White House Messing with a Good Thing
Seattle Times had a headline running on the front page today reading “Political motives suspected as jobs on bench go unfilled.” I first thought… oh no, the Democrats are going to go through with their threats of blocking every Bush judicial appointee until after 2008 when we can get someone blue into the White House. And then I actually read the article. Turns out Democrats aren’t the problem.
For better or worse, when it comes to District Court appointments (as opposed to Court of Appeals or the Supreme Court), the Senators from the state in which the District Court resides are king. If the nominee is rejected by one of the Senators the appointment is not confirmed. Of course, that gets tricky when the state elects two Senators from different parties as Washington did during much of the 1990s (Sen. Murray (D) and Sen. Gorton (R)). To resolve this problem the two Senators, with the involvement of the Clinton White House, developed a non-political merit process for reviewing and recommending names to the White House for nomination. An ingenious system that, using local lawyers and judges to select the best federal judges for appointment.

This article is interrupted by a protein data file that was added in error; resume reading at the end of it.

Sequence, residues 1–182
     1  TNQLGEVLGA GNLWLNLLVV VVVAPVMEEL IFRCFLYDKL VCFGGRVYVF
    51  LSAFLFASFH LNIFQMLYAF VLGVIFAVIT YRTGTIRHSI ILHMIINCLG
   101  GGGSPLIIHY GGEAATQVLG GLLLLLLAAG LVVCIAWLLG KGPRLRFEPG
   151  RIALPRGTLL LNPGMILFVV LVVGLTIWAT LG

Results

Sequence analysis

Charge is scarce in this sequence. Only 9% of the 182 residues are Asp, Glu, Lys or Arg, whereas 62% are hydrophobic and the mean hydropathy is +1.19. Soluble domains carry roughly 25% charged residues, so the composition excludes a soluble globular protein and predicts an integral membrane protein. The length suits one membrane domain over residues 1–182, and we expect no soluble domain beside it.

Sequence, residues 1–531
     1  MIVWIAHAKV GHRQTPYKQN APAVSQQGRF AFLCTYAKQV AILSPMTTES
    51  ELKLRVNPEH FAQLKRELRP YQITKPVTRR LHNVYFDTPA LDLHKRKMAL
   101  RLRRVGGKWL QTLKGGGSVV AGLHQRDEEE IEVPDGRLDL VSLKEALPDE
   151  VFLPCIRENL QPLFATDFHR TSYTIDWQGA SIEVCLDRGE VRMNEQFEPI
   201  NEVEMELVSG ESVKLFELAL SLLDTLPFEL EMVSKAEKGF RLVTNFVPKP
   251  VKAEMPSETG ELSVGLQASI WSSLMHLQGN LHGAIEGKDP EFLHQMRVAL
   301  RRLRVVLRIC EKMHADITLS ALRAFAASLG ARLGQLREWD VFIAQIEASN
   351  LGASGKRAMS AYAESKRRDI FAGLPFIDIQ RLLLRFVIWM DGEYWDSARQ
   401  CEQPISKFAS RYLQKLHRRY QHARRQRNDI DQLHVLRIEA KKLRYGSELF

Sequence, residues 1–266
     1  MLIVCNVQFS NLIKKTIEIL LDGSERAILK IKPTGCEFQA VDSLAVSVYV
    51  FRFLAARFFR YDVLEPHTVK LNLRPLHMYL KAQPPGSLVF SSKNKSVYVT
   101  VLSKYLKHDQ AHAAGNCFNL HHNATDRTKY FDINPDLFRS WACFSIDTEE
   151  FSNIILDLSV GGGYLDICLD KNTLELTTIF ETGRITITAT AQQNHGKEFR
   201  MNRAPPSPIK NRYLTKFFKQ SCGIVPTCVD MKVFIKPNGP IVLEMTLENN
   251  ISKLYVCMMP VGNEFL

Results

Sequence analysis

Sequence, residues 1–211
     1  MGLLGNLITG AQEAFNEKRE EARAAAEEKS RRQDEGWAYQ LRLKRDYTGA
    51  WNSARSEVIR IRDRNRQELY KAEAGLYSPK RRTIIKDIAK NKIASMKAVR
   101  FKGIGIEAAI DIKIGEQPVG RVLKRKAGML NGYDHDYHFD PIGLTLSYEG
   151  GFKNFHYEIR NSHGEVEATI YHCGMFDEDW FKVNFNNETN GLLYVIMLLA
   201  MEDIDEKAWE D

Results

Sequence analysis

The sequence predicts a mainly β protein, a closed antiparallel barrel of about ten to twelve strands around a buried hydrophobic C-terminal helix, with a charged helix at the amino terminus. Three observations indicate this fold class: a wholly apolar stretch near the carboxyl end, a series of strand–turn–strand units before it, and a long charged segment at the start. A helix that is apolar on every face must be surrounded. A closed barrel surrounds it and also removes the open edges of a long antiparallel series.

For those who don’t know, a District Judge is about the least political kind of judge in the Federal Court system. They do not decide law in the way you hear about activist judges doing… that authority is the province of the Appeals Judge. No, the District Judge is a singular entity, usually presiding in court alone, and holds tremendous power of the litigants in an individual case, but that authority does not extend beyond the courtroom. While that may insulate them from the political aspect, it does raise the spector of judicial bribery. Of course, we have a Federal Judiciary, in part, to reduce that possibility, so it’s great that Washington uses this open, non-partisan process to select new Federal Judges.
Well, it turns out that doesn’t work for the Bush White House. Recommended names have been either rejected or simply ignored. Apparently the White House feels they are better situated to know what is best for the Western District of Washington than, say, the people whose lives (and livelihoods) actually depend on the court’s decisions. Hopefully Murray and Cantwell stand up for the process and refuse any nominee not endorsed by the merit review process.